extinction that this animal group faces in many other regions of the country and
the world,” said Jose Vicente Rodriguez-Mahecha, Scientific Director of
This area of the Darien is isolated from the Andes Mountain range. It is
recognized as a center of endemism and valuable for its high biological
diversity. Historically it has served as a bridge for exchange of flora and
fauna between North and South America.
Although the natural cover of the Darien region is currently relatively
undisturbed, it faces many threats and is undergoing rapid landscape
transformation, mainly due to selective wood extraction, extensive cattle
ranching, illicit crop cultivation, hunting, mining and habitat fragmentation.
Between 25 and 30 percent of the natural vegetation of the area is being
deforested, especially in the lowlands and alluvial plains.
Results of the expedition are expected to contribute to strengthening the
protected area status that applies to almost all the Colombian Darien region,
and to help bring about the declaration of a new protected area in the Tacarcuna
hills. In addition, an important goal is to support initiatives that guarantee
the land rights for the indigenous Emberá community of Eyakera through the
creation of an Indigenous Reserve, and the development of management plans
appropriate for the area and its population.
The identity and names of the new found species will be presented to the
scientific community and the environmental authorities to evaluate
their conservation status or risk of extinction.
For photos of the new species please, click on here. Photos are copyright of Conservation
International (CI), and their use requires credit to the organization and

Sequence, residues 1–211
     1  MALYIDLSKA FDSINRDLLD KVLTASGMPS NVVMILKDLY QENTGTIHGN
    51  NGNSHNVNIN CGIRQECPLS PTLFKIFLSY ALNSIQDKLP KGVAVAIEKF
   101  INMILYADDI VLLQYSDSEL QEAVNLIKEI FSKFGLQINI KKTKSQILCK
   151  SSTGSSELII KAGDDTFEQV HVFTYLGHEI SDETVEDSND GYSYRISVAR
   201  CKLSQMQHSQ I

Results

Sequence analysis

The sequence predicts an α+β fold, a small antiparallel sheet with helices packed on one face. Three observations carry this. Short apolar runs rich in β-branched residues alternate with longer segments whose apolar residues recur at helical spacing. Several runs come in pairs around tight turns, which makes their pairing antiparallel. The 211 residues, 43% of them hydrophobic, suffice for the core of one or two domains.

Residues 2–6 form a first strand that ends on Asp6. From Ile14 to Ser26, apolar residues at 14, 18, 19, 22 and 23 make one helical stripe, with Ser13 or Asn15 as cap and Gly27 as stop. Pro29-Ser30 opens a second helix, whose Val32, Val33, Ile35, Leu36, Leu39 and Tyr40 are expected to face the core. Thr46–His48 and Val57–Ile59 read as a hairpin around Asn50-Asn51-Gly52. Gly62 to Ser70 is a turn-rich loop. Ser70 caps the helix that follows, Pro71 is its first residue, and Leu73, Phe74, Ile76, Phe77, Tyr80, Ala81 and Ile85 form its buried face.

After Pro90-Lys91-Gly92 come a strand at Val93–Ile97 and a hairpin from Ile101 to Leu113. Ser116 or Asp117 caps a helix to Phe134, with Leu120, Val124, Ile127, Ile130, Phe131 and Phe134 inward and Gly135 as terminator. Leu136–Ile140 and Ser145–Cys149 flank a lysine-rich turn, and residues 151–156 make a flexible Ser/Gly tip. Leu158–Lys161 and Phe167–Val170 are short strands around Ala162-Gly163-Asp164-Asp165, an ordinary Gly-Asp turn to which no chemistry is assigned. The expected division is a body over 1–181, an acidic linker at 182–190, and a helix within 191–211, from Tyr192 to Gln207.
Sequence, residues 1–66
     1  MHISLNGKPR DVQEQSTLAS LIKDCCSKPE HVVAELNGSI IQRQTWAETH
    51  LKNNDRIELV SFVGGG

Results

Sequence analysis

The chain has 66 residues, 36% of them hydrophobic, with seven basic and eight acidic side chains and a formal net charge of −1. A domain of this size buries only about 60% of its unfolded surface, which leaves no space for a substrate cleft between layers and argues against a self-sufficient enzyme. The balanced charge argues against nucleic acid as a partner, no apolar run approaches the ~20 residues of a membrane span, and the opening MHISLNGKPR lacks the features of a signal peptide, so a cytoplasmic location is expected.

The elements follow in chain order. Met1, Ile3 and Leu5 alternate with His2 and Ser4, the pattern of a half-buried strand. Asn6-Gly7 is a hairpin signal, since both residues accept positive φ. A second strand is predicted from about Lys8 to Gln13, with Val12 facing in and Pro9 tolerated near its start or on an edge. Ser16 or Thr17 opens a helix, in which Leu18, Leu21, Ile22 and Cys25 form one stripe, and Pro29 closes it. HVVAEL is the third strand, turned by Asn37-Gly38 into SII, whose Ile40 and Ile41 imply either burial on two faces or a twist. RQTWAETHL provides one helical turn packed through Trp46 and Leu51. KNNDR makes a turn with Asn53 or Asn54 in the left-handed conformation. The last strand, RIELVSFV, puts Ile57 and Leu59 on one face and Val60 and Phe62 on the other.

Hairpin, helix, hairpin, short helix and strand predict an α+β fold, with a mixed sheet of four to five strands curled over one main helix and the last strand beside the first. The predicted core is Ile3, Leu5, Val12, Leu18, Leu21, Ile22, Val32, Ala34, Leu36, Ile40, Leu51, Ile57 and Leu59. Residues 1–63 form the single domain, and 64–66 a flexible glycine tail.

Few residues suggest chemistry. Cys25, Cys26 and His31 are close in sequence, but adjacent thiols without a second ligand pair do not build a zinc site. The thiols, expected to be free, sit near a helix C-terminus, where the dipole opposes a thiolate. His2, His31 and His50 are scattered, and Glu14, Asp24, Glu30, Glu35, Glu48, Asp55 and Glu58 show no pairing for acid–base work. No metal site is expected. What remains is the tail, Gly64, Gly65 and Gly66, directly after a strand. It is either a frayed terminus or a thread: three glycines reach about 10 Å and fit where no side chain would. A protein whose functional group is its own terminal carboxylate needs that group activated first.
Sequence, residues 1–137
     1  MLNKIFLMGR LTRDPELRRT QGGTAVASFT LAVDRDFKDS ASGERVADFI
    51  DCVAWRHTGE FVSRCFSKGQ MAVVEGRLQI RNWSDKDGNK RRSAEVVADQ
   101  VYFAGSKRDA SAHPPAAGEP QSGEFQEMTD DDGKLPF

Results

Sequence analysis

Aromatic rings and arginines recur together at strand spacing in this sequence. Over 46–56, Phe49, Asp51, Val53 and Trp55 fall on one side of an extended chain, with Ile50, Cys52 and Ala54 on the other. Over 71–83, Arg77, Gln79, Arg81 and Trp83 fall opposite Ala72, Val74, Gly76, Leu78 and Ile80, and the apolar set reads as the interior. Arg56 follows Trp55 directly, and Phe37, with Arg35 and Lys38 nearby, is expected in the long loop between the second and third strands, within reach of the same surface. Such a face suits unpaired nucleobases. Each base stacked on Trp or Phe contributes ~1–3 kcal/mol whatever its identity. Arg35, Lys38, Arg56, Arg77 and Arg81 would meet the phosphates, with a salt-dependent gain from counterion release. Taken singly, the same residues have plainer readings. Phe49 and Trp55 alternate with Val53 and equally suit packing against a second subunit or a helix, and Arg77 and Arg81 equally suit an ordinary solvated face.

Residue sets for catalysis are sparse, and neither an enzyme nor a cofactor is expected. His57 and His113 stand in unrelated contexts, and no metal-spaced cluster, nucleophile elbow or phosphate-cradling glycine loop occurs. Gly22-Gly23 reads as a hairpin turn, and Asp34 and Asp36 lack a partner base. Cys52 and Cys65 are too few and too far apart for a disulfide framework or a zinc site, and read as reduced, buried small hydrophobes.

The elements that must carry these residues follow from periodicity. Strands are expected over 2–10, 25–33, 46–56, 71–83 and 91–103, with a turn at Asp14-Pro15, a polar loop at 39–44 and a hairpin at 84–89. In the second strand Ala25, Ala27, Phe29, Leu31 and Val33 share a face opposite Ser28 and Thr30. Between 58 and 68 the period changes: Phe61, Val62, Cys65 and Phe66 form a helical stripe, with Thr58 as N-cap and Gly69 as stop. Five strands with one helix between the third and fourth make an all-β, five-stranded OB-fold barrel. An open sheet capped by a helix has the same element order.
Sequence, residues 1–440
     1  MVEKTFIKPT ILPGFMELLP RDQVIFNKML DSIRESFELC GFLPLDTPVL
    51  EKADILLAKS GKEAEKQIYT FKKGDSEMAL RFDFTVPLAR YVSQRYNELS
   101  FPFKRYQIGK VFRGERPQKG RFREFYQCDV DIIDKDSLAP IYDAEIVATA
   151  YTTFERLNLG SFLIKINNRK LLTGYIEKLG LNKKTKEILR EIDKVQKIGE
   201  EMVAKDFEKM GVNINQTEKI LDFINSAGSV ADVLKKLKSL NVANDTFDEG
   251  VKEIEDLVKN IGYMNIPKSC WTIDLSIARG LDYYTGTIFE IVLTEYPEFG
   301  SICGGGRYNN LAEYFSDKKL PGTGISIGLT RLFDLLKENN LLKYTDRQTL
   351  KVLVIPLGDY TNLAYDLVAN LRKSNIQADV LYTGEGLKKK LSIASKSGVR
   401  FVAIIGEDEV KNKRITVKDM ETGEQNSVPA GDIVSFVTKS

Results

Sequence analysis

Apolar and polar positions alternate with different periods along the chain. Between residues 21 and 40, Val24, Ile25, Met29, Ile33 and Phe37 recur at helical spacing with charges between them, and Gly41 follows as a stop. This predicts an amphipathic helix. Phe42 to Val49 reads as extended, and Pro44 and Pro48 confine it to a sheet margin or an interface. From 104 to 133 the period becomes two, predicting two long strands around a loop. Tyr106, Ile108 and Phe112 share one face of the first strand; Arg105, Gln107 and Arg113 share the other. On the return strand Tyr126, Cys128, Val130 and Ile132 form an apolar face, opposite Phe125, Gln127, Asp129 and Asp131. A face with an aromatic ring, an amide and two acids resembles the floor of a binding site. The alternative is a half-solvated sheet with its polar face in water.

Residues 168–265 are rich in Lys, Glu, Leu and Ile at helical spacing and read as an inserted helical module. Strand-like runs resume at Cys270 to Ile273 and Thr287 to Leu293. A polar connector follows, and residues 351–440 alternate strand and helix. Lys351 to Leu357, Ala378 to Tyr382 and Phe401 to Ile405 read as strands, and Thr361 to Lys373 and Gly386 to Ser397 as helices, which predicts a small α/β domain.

Phone: (703) 341-2601
Phone: (703) 341-2729
Latin American Media:
Patricia Yakabe Malentaqui
Conservation International (CI) applies innovations in
science, economics, policy and community participation to protect the Earth’s
richest regions of plant and animal diversity and demonstrate that human
societies can live harmoniously with nature. Founded in 1987, CI works in more
than 40 countries on four continents to help people find economic alternatives
without harming their natural environments. For more information about CI, visit
CI’s Rapid Assessment Program (RAP) was created in 1990 to
quickly provide the biological information necessary to catalyze conservation
action and improve biodiversity protection. The purpose of the program is to
produce appropriate and realistic conservation recommendations in a time frame
suited to managers and decision-makers. RAP expeditions bring together teams of
tropical field biologists to conduct rapid, first-cut assessments of the
biological value of selected areas. RAP scientists collect and analyze the
diversity of selected groups of organisms and use this information to provide
recommendations for biodiversity conservation.
The Ecotrópico Foundation-Colombia is a not-for-profit
non-governmental organization, working for the conservation of neo-tropical
ecosystems and building capacity of local organizations to achieve sustainable
use of biological resources.